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What a Concept: Grasping the Concept
Posted Mar 29, 2006 Print Version     Page 1of 1
  

"Your wedding day sounds like it's going to be incredible," I told my new client. "Based on what you've told me about how you met, I think you should consider making a Love Story."
     "Uh," Bill hesitated and looked sideways at Nina. "We're not really into that cheesy, running-through-fields kind of video. It's not our style."
     "That's not our style, either. Here's what I was envisioning: Killer soundtrack. Quick cuts. Nothing corny and definitely no cheese. I'm talking about a Love Story concept video about how you met. I'm thinking MTV meets Woody Allen. We'll leave your guests in tears . . . from laughter."
     Bill's eyes lit up and Nina leaned forward. They were captivated. "I like that," Bill said. "But what's a concept video?"
     "I'm glad you asked."


Concept videos offer event videographers the opportunity to expand their horizons, stretch their imaginations, have a ton of fun, wow their audiences, and—here's the clincher—make more money. A concept video is typically a short, narrative movie that tells a story or communicates a message. It is inspired by your experiences, relationships, and everyday life. Concept videos are often made into spoofs of pop culture, television, and cinema.

We all strive to create unique positioning for our offerings. Whether your client is a couple or a Fortune 500 company, a concept video offers the opportunity to provide a unique service that sets you apart from the competition.

In the WHAT A CONCEPT column, we will dive into the creation, implementation, and presentation of concept videos. Creativity is a fluid concept, but we'll uncover where to find ideas and how to translate them into marketable movies. Implementation covers pre-production, production, and postproduction. You'll need specific tools and strategies at each stage of implementation to make a concept fly. Finally, presentation encompasses sales and marketing techniques that are unique to concept video. Bottom line: this is a business and if it's not bringing in customers and income, then it's just an expensive hobby. So let's get into it.

Voltaire once wrote, "Originality is nothing but judicious plagiarism." I'm not advocating that you plagiarize. What I think Voltaire is voicing is a common belief that there isn't really anything new under the sun. New ideas are really old ideas with a new twist. Creativity and originality develop in a new form or expression of an existing idea that you can implement in your work. Once you start looking, you'll notice that the best ideas for concept videos come from everything around you including events, people, news, and pop culture. Inspiration can be mined from seemingly small things, whether spoofing a popular television show or satirizing the stresses of a newlywed couple.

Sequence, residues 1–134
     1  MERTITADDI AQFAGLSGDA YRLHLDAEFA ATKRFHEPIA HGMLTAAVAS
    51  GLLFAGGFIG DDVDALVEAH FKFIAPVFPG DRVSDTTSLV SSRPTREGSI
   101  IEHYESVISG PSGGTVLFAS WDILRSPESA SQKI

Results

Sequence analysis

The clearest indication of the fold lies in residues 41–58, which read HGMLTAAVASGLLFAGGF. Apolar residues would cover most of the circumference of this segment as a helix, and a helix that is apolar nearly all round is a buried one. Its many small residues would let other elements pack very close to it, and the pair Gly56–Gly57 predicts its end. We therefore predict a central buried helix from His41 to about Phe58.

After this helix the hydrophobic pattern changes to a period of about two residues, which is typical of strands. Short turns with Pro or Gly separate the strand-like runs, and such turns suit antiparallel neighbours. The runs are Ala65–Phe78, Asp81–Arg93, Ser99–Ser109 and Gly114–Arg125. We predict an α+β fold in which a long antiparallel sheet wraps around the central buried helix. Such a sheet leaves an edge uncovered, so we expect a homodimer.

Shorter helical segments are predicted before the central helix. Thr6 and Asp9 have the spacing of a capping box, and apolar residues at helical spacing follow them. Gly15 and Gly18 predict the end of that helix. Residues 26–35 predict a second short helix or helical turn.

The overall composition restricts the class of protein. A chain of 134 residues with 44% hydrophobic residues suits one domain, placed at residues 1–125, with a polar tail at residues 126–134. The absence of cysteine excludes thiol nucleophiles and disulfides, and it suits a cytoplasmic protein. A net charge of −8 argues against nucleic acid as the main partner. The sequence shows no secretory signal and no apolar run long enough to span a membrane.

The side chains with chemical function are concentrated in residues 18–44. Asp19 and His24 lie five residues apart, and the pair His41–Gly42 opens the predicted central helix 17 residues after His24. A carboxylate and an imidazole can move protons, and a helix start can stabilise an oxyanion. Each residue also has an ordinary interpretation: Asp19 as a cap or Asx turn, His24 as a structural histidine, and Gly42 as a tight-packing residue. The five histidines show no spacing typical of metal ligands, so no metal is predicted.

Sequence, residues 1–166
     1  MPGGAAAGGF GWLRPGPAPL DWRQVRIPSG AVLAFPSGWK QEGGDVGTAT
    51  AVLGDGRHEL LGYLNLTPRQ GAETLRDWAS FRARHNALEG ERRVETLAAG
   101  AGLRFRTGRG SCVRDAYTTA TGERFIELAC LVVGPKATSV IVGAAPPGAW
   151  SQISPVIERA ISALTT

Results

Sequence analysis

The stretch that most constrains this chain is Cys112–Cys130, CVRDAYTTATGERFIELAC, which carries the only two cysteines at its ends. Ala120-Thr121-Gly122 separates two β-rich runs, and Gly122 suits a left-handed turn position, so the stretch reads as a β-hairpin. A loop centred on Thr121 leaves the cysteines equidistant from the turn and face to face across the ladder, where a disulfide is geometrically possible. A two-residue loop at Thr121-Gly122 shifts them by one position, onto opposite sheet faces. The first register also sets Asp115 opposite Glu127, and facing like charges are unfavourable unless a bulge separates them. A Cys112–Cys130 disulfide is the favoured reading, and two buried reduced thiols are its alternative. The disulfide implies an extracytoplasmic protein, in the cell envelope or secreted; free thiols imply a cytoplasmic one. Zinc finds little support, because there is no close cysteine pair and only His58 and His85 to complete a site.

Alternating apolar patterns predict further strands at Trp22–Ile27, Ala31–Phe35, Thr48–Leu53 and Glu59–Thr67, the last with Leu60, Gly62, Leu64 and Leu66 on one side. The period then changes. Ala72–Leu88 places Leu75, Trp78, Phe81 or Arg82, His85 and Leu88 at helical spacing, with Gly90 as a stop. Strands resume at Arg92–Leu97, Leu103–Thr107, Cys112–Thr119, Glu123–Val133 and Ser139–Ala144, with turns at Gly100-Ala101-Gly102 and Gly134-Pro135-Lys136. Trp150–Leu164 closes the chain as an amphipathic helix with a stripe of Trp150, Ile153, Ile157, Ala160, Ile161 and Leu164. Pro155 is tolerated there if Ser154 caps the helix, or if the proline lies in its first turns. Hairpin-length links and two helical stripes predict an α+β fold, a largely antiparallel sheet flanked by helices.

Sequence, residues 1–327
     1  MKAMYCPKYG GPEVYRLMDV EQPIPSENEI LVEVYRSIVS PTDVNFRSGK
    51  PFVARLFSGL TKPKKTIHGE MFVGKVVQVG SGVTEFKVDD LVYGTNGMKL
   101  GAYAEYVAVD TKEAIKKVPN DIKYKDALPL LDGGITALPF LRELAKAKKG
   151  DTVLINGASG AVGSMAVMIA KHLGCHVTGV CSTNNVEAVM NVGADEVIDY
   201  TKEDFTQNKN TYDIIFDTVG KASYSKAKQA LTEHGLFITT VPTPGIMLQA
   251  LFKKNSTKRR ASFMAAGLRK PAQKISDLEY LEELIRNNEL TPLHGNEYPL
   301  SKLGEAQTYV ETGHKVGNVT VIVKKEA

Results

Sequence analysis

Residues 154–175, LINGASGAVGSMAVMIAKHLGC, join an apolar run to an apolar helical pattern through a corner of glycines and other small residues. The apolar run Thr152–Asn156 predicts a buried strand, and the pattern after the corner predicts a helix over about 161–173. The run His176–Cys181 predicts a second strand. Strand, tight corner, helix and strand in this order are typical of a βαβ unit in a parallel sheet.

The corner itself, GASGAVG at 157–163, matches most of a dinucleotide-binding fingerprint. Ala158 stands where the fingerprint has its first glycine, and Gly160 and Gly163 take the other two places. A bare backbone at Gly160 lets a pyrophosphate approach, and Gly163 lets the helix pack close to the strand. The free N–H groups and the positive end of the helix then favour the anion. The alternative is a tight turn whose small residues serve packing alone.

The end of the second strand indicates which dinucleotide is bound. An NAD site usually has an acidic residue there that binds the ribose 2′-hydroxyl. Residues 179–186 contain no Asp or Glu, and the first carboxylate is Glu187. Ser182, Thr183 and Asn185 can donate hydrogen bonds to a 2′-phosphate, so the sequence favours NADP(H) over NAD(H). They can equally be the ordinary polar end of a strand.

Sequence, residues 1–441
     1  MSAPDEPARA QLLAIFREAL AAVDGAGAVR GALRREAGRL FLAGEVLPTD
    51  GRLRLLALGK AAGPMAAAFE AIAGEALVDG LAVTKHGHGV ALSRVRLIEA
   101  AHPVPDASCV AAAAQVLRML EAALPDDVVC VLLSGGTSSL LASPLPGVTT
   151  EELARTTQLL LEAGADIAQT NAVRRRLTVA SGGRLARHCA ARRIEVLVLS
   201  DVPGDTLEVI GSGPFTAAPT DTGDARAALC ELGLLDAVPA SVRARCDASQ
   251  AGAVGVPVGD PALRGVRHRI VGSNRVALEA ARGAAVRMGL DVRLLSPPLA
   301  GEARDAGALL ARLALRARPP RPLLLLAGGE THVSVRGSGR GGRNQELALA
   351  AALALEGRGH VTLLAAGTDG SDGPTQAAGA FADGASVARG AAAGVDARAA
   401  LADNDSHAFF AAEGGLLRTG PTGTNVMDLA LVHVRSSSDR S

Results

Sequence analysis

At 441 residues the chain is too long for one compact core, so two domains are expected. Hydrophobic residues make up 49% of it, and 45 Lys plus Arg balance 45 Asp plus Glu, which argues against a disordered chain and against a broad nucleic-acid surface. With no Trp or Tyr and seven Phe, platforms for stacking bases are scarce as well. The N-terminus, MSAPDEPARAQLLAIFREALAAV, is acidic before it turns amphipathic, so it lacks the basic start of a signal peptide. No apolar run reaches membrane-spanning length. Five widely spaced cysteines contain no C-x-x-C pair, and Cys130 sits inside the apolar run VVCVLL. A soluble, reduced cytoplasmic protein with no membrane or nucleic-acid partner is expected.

Bridal Boot Camp, a concept video we produced that won a Diamond Artistic Achievement Award from the 4EVER Group, was a product of one of these inspirational moments. What is the most clichéd advice every best man gives and every DJ asks of the groom? The two most important words in marriage: "Yes, dear." After hearing that joke for the umpteenth time, I knew I had to do something unique with it.

Wouldn't it be funny to tell the story of a stereotypical drill sergeant trying to teach a battered groom how to say those two little words that no newlywed man says often enough? I imagined the possibilities, and the Bridal Boot Camp concept was born.

From there, I began to brainstorm other scenarios: learning to waltz from the same tough drill sergeant, groomsmen alley-ooping garters on a basketball court, bridesmaids passing bouquets for a touchdown, etc. The ideas just kept coming.

After I had the concept, the next step was pitching the idea to the client. I'll cover the details of the pitch in a later installment, but once I found the right client, they loved the idea and we were off and running. I will tell you this, though: passion is the key.

Once the ideas start flowing, it's important to find a way to keep track of them. I like the suggestion of CVP's Brett Culp—buy a cheap notebook and keep an idea journal. Alternatively, you could create a file of 4"x6" index cards like I used when I was in film school. Any time I got an idea, I jotted it down on an index card and filed it away. I still have that box of ideas and know that someday they may come in handy. If you prefer, you could use a mini-tape or MP3 recorder to capture your thoughts verbally. Whatever you do, make sure to periodically review your archives. This review process stimulates new ideas and keeps you energized and inspired.

The opening story about Bill and Nina (not their real names) actually happened. After showing them one of our edgier videos, they were sold. My pitch resulted in a 50% increase in the sale and the client received an unforgettable movie-making experience, as well as a memorable video that delighted and entertained friends and family.

You can create the same results with your ideas. Concept videos have enormous potential and are a proven way to increase your business and profits, set yourself apart, and instill variety in your work. I invite you to follow me in the creation of your own concept video collection. You'll be glad you did.

Next time in WHAT A CONCEPT, we'll tackle the pre-production process.



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